Glass

Window Tracery As Structure

by Marie Ennis on January 10, 2019

Shoring as installed looking down at the mullion to remain above the damaged piece.

When a structural engineer tells a colleague that they are working on a window restoration project, the colleague might say, “But windows are not a structural element in a building, other than keeping wind and weather out.” That statement is correct; if you remove the windows from a building, the structure still stands. However when the window is twenty-five or thirty feet tall, and the elements that hold the glass are stone, there can be structural challenges regarding a restoration of said window. This is especially true when the main gravity load bearing element in the window opening is damaged and needs to be replaced. Such was the case at the St. John the Baptist Cathedral in Paterson, New Jersey. Old Structures was asked to design temporary shoring for the window structure to allow for the removal of a mullion stone. The design criteria for the shoring is the allowable deflection of the stone above the damaged piece, and the adjacent stained glass windows. Both stone and glass can tolerate very limited movement and the shoring needed to account for that, as well as any wind load on the window during the repair work. With the shoring installed as per the drawings, the damaged mullion section was removed, and the new piece carved to match the original) was successfully installed. No movement occurred in the masonry or the nearby glass. The stained glass installation is underway. Whew!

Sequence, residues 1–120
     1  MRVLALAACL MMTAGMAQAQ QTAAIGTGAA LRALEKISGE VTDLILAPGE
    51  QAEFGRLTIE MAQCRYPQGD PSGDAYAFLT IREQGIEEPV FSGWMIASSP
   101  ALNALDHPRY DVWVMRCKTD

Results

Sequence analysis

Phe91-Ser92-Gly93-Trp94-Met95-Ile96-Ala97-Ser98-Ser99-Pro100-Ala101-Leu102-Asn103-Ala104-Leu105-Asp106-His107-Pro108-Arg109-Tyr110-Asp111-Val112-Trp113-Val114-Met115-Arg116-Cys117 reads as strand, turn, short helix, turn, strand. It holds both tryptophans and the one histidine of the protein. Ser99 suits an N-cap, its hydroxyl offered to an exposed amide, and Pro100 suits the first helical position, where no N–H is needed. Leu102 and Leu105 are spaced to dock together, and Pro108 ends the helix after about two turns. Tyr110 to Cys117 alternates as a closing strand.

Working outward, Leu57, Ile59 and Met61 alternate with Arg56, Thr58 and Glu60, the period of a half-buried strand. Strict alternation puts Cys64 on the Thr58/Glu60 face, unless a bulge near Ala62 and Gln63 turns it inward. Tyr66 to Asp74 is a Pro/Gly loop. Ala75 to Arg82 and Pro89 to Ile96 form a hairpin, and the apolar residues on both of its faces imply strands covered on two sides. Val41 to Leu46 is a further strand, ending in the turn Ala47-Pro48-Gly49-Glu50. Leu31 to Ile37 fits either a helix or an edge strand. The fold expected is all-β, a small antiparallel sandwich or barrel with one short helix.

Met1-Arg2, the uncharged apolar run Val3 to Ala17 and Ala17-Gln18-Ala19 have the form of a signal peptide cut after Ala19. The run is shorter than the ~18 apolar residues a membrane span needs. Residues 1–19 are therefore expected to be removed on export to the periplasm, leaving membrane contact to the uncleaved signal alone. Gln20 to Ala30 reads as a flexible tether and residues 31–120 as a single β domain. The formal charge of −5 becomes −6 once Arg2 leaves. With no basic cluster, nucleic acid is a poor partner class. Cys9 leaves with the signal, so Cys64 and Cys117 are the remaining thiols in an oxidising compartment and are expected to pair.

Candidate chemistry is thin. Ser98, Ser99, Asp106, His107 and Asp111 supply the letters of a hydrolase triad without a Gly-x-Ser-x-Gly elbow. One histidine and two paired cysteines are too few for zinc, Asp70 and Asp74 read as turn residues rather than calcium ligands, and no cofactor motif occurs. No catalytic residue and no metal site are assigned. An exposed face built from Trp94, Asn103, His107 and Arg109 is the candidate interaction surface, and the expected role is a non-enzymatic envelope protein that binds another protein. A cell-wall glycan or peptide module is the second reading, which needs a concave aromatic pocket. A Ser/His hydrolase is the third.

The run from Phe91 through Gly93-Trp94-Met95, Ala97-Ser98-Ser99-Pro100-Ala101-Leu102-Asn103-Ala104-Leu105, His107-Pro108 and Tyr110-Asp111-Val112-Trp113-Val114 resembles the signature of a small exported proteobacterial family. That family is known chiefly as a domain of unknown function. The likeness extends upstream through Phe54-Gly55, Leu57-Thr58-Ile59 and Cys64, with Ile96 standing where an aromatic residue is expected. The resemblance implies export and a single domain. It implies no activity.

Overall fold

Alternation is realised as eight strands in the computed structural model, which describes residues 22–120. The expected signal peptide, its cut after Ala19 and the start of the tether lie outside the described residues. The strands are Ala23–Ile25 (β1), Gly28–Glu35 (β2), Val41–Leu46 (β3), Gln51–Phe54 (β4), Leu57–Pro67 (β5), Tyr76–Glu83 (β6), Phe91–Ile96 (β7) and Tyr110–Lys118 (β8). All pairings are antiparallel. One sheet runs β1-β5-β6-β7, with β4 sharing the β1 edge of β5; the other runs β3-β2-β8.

The piece to remain is on top; double angles, here viewing the exterior angle, were inserted into the joint between the stone to be removed and the piece to remain. The angles are supported on the timber shoring.
New stone mullion unit is on the left, the original unit above, and re-installed stained glass.

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